Housing a trove of heritage treasures without veering into stuffily formal territory is not effortlessly achieved. When a North Carolina homeowner in Charlotte’s Foxcroft neighborhood wanted to incorporate her collection of inherited antiques into her recently-built family abode, design whiz Gray Walker (who also happened to be an old friend) was up to the challenge.
“My friend grew up with parents who collected antiques and had chintzes and chinoiserie prints on everything,” shares Walker. “She wanted to use some of her heritage pieces, but in a cleaner style. This is a big part of my design philosophy: weaving your story into your home.”
Floor-to-ceiling windows, soaring ceilings, and an airy layout define a modernized take on Charlotte’s iconic French Regency architecture. “The client wanted vibrant color in the formal spaces, with main living areas that are more open and casual for her young family,” explains Walker, who sums up the design vision as “classic with guts.”
“I like to push boundaries and walk the line, but I also know when to ‘hold ’em,’” Walker shares. She knows how to take an antique that has been in the family for generations and “push the boundaries around it, making it a huge statement piece, not a sleeper. I like to be risky, in an elegant sort of way!”
A painting of a freshly-picked peachy-pink rose greets visitors above a curving staircase. “The owner has a large rose garden and they are always scattered around the house,” notes Walker. “The painting is the first thing you see that tells you a little about the rooms to come.” To the left, the formal sitting room is anchored with a gold-toned Oushak rug inherited from the owner’s childhood home, offset by the muted seafoam velvet of the sofas and a jewel-toned cut velvet ottoman. Antique objets d’art and paintings are grouped on the bookshelves, to create a gallery-like showcase.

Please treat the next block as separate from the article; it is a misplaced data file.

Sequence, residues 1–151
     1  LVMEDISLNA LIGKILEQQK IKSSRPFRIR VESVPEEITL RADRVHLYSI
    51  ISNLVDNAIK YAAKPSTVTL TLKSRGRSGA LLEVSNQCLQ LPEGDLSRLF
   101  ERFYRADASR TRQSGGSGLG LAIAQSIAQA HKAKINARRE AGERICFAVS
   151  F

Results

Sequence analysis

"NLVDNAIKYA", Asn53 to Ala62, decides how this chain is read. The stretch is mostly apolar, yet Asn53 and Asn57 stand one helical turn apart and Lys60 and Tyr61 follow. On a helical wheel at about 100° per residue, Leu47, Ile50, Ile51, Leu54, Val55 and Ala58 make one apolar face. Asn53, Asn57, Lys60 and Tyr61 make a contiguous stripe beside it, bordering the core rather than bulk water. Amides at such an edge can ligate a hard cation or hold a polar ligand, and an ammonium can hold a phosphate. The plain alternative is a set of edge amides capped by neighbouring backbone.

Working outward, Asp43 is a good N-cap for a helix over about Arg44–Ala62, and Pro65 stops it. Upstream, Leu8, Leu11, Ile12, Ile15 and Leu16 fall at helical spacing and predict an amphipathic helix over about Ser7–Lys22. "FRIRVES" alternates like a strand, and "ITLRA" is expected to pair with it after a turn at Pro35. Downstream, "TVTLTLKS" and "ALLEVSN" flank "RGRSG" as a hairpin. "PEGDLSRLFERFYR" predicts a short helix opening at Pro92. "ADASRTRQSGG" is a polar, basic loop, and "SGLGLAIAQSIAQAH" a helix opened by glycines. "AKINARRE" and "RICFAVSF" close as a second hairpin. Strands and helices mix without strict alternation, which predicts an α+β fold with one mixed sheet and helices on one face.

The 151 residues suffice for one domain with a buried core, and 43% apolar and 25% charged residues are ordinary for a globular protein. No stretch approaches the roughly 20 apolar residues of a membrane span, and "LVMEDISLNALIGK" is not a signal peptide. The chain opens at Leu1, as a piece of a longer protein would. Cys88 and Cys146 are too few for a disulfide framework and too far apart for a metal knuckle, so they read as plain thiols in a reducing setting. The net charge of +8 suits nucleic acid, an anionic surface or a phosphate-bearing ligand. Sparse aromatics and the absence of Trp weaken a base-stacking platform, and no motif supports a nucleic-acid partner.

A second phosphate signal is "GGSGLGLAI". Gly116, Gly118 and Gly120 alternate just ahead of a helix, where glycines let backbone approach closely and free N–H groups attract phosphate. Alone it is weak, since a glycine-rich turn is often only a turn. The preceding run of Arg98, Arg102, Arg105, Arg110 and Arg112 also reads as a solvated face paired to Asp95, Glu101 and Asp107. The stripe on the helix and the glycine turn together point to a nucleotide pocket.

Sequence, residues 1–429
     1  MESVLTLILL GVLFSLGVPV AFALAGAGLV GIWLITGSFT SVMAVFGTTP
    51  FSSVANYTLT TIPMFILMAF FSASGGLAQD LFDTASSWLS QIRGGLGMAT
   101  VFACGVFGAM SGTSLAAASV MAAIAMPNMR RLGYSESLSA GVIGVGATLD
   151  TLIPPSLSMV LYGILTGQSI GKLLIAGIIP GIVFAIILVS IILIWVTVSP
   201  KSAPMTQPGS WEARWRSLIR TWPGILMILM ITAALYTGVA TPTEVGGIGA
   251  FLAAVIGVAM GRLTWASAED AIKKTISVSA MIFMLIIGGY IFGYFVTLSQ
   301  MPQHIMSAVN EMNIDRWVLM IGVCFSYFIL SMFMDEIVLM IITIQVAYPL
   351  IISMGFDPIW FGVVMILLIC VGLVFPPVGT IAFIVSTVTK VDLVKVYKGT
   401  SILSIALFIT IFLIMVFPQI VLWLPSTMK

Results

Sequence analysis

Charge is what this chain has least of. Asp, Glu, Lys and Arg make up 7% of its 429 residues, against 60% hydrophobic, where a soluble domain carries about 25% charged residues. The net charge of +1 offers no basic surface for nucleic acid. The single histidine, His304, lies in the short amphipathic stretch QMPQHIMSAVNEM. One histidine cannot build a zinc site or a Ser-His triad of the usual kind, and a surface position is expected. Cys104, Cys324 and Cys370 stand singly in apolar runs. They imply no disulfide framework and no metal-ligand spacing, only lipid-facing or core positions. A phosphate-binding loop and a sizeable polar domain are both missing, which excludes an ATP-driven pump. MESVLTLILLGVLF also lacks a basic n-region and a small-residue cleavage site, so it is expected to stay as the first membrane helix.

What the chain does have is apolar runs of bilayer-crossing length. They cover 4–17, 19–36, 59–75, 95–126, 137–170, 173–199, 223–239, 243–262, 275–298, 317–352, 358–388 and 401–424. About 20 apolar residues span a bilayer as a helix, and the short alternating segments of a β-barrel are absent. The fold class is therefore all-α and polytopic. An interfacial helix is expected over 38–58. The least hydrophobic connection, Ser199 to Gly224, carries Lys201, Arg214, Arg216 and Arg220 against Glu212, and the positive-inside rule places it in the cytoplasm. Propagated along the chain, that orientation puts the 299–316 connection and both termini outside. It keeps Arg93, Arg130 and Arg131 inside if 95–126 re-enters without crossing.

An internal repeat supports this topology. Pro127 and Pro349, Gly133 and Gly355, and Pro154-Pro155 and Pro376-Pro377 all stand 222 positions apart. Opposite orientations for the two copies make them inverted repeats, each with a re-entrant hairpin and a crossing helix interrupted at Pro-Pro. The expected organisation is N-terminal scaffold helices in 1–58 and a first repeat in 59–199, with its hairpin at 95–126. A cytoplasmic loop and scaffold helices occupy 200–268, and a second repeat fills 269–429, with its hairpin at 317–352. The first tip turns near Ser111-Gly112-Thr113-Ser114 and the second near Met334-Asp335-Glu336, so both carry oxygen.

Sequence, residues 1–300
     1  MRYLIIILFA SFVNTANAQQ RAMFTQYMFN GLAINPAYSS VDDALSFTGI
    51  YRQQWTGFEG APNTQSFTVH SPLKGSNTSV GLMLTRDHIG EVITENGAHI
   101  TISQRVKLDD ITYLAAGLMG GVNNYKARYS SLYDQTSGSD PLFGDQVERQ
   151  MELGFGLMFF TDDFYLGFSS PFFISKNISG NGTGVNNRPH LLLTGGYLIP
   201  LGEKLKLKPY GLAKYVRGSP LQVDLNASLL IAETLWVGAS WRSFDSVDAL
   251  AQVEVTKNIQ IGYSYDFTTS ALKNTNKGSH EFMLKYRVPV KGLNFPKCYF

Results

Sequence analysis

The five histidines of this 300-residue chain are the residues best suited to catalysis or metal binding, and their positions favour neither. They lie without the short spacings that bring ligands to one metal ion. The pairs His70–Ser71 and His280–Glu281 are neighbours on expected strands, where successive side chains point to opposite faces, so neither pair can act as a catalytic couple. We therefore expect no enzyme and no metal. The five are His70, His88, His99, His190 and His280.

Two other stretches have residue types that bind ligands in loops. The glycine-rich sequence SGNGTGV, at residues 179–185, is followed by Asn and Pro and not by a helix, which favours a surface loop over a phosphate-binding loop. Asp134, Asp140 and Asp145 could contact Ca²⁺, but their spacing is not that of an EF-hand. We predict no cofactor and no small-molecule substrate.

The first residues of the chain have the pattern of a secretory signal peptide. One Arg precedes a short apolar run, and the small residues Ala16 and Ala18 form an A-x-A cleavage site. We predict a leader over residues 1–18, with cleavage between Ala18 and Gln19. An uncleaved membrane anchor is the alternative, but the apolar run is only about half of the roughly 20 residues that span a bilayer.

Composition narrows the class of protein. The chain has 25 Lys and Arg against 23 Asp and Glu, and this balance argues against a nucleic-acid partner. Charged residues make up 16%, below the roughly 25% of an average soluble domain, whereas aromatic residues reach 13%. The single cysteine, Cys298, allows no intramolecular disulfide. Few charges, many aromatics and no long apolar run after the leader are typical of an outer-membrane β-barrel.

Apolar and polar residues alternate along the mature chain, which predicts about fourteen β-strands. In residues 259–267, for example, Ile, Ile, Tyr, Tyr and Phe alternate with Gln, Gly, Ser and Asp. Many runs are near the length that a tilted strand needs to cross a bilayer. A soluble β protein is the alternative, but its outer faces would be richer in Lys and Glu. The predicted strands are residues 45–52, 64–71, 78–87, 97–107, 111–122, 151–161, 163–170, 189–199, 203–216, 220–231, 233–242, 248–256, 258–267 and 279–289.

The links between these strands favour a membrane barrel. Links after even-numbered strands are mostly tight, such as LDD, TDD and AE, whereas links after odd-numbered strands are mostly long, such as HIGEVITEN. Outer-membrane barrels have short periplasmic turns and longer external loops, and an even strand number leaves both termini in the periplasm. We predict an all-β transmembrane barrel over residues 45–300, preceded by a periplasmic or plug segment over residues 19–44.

The pièce de résistance is the unapologetically opulent dining room. “It’s my favorite space,” Walker comments; “I really captured the client’s spirit in this room!” Sheathed in a deep sapphire silk, the mural wall is painted with a custom Fromental motif in antique gold, coupled with a theatrical gold ceiling and custom papier-mâché light fixture.
“Most people live with having seriously under-scaled lighting before they start working with me,” remarks Walker, adding that she had to ‘literally beg’ the client to paint the ceiling gold. “That’s where the trust comes in; today (the owner) knows that ceiling could be nothing else!”
Touches of pink coral, the owner’s favorite shade that was mixed to match a lipstick worn by her mother, pop up throughout the wallpaper, in the bold velvet dining chairs and at the adjoining wet bar, where it gets to truly shine with a mouthwatering papaya tint.
“My client entertains a lot, so this room and the adjoining coral bar are meant to be a showpiece,” continues Walker. Toning things down, the family room is kept neutral and easy for a chill gathering space, with a comfy sectional and plenty of cozy texture. An antique highboy and a gold leaf mirror flank the fireplace, lending a contemporary vibe. “It’s about creating drama and serenity at the same time. That’s the way I like to live: glamorously peaceful.”
For Walker, no project begins without a trip to the showrooms of Atlanta’s Decorative Arts Center, where she had worked as a young designer out of college. “Touching and seeing the handmade goods is crucial,” she explains, reminiscing about the sourcing jaunts she took with the homeowner. “We had so much fun, working all day and drinking wine at night talking about our appreciable finds. The fact that we were old friends created an instant trust in our decision-making process. She always says, ‘Gray, you really listened to me, and I love my home!’”
Photography by Brie Williams.
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